|As you can tell by the chain on this wolf's neck,|
I did not catch this picture of him out in the wild!
He was part of a teaching seminar hosted recently
by the Old Independence Regional Museum
of Batesville, Arkansas.
|It was my privilege not only to see a wolf up close,|
but also to see several birds of prey.
|This, and the picture above are of a grey hawk.|
|The man holding this horned owl is Rodney Paul|
who works with "Raptor Rehab of Central Arkansas".
|The owl was rescued after it was kicked out of its nest by its mother|
because it was blind.
|Mr. Paul explained to us that although the blindness was temporary,|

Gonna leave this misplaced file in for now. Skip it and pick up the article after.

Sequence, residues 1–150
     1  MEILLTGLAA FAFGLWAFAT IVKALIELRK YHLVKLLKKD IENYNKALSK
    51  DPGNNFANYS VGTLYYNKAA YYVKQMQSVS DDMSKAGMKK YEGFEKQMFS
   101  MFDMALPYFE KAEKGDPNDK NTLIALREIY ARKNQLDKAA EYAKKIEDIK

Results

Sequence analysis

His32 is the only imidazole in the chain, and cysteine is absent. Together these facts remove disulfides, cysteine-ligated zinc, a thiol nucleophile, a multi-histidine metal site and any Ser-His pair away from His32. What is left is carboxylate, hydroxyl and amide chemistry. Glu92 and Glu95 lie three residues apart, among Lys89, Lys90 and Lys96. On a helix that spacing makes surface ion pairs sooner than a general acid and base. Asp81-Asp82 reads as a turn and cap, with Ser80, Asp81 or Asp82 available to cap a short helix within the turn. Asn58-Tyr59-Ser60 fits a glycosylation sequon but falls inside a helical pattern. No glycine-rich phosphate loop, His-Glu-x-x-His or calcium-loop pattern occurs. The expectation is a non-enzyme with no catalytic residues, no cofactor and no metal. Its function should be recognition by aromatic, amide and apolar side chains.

the owl had already bonded to him, and could not survive in the wild.
|This monkey-faced bird of prey is a barn owl, also known|
as a farmer's best friend because of all the mice he devours!
|If you click to enlarge the photo, you can see the restraints|
that keep him from being able to fly away.
|Although this wolf acted pretty tame, I still wouldn't trust it to have overcome its wild instincts. There is coming a time, though, when God says,|
"The wolf will live with the lamb,
the leopard will lie down with the goat,
the calf and the lion and the yearling together;
and a little child will lead them.
The cow will feed with the bear,
their young will lie down together,
and the lion will eat straw like the ox.
The infant will play near the hole of the cobra,
and the young child put his hand into the viper's nest.
They will neither harm nor destroy on all my holy mountain,
for the earth will be full of the knowledge of the LORD
as the waters cover the sea."
Won't that be a wonderful time,
when the wild things are no longer wild!
Thanks for your visit!
Click HERE to see "Names of God on Rocks".